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    Quote Originally Posted by Bekologist View Post
    those are uphill, right? oh, 40mph 30 yards from a stop in the rain?
    Did you read what I wrote??????
    It doesn't get harder, you just go slower.

  12. #37
    totally louche Bekologist's Avatar
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    yeah, enough to glean your pictures don't show you actually doing forty (anyone can whip out a camera rolling to a stopsign ), and the tangible variables that result in comfort while riding a bike long distance disagree with you.

    In conditions like the second photo, a bike with wide tires and full fenders handles better, has better pavement stick, and is more comfortable-because you're not soaking wet in the chamois, eating road grime while sketched about your tires' contact patch letting loose in the corners!

    These fundamental truths about bicycling are inescapable homeyba, no matter how aero you went 800k in.

    Fit won't fix grime in the chamois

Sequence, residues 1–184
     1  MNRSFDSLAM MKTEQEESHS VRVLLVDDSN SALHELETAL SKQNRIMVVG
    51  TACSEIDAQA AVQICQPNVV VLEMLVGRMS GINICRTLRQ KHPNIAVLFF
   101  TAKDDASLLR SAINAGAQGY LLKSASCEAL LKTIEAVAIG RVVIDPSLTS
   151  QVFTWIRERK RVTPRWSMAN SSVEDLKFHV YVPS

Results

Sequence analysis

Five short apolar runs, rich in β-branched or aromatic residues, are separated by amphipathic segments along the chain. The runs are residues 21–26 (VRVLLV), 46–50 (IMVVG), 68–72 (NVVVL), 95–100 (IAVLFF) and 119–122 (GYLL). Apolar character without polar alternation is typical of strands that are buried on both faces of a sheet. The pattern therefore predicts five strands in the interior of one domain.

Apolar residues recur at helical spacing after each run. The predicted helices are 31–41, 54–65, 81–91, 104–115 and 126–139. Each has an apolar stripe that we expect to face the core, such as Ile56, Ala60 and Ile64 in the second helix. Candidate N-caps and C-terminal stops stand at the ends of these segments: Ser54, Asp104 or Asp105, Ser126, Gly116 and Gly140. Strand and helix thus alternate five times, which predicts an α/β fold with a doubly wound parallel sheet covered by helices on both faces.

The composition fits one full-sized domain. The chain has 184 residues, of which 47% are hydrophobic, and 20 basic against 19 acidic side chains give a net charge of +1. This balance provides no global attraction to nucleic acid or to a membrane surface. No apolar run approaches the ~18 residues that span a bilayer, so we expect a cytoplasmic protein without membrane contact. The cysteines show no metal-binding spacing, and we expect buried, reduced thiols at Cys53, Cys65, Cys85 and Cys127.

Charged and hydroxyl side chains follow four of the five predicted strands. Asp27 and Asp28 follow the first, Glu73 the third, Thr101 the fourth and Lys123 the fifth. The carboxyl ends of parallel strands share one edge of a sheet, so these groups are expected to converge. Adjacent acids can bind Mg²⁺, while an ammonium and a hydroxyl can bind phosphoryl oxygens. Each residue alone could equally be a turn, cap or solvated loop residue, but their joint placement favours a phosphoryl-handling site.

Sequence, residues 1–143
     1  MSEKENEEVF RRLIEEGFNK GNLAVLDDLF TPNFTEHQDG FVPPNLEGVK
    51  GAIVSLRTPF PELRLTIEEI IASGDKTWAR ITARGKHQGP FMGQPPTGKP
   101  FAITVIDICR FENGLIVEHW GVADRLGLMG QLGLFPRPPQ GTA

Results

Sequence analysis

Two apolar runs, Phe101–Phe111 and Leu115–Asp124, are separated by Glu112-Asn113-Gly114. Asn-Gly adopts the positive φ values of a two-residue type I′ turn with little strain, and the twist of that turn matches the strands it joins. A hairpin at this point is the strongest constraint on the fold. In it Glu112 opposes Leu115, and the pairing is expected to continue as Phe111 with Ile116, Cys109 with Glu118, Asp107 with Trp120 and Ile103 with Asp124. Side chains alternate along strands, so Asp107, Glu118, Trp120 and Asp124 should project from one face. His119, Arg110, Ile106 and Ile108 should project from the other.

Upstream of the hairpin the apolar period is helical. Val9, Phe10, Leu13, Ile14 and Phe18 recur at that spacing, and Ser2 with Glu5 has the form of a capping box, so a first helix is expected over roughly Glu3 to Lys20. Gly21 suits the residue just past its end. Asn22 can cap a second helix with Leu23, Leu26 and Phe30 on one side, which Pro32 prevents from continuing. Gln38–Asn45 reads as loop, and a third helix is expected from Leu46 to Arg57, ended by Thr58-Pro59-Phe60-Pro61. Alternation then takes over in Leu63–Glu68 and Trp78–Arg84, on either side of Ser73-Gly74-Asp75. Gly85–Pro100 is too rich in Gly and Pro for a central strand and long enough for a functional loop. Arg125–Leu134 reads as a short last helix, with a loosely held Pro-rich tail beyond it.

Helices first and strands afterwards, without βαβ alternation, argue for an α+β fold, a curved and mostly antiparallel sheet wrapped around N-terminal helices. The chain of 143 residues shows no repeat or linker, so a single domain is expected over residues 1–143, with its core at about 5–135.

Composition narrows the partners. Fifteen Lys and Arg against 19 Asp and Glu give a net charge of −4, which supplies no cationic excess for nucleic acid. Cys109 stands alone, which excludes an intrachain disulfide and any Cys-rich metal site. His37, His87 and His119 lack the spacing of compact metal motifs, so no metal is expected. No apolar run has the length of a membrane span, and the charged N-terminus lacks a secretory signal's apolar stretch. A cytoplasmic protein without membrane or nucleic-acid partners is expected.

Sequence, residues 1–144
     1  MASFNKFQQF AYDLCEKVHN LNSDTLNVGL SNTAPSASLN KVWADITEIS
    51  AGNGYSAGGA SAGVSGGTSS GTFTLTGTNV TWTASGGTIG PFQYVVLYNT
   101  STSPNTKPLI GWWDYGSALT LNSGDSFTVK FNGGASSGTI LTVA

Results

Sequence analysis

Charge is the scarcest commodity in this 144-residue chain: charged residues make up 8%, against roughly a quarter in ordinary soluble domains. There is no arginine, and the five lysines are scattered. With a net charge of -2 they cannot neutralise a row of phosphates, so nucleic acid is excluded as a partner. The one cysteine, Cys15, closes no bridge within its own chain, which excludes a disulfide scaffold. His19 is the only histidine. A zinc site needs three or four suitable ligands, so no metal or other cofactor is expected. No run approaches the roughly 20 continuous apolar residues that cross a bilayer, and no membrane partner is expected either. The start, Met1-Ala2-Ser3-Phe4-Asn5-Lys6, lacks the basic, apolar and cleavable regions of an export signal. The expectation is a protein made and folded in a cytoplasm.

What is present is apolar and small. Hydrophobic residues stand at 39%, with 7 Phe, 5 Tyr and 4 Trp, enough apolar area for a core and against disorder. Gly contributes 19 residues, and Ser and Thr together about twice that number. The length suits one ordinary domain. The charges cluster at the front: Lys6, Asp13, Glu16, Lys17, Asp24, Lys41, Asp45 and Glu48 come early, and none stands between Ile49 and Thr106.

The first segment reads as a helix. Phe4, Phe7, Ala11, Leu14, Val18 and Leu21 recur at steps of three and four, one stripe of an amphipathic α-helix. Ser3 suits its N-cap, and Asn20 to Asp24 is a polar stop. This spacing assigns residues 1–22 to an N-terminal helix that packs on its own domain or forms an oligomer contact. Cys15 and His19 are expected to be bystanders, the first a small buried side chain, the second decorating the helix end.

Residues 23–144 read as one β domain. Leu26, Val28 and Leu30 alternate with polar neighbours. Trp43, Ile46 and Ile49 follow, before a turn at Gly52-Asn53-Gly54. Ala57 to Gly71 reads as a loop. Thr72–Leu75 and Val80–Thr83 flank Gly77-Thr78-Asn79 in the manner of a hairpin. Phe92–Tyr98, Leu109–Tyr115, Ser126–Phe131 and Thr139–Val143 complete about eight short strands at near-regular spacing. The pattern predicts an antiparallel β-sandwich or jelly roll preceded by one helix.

Last edited by Bekologist; 01-02-13 at 06:17 PM.
    "Evidence, anecdote and methodology all support planning for roadway bike traffic."

  13. #38
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    Bek, what is the longest distance you have ridden in, say, 40 hours? Have you finished a 1200k (750 miles) in less than the 90 hour time limit? Or similar accomplishments? Just curious, because if you are going to dominate a thread like you are this one, it seems like you ought to have a track record to back up your assertions. Otherwise it's not really appropriate to argue with people that do have experience valid in this forum.

  14. #39
    Senior Member Homeyba's Avatar
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    Sorry, I don't spend any time taking pictures of my speedometer. In that second picture it doesn't matter if you had full fenders or not your chamois is going to be soaked to the bone so you better know how to deal with that.
    I don't know what your long distance experience is but I've done four transcontinental races and a boat load of 500mile races and 1200km brevets. Your "fundamental truths" are hardly that.
    It doesn't get harder, you just go slower.

  15. #40
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    Quote Originally Posted by MileHighMark View Post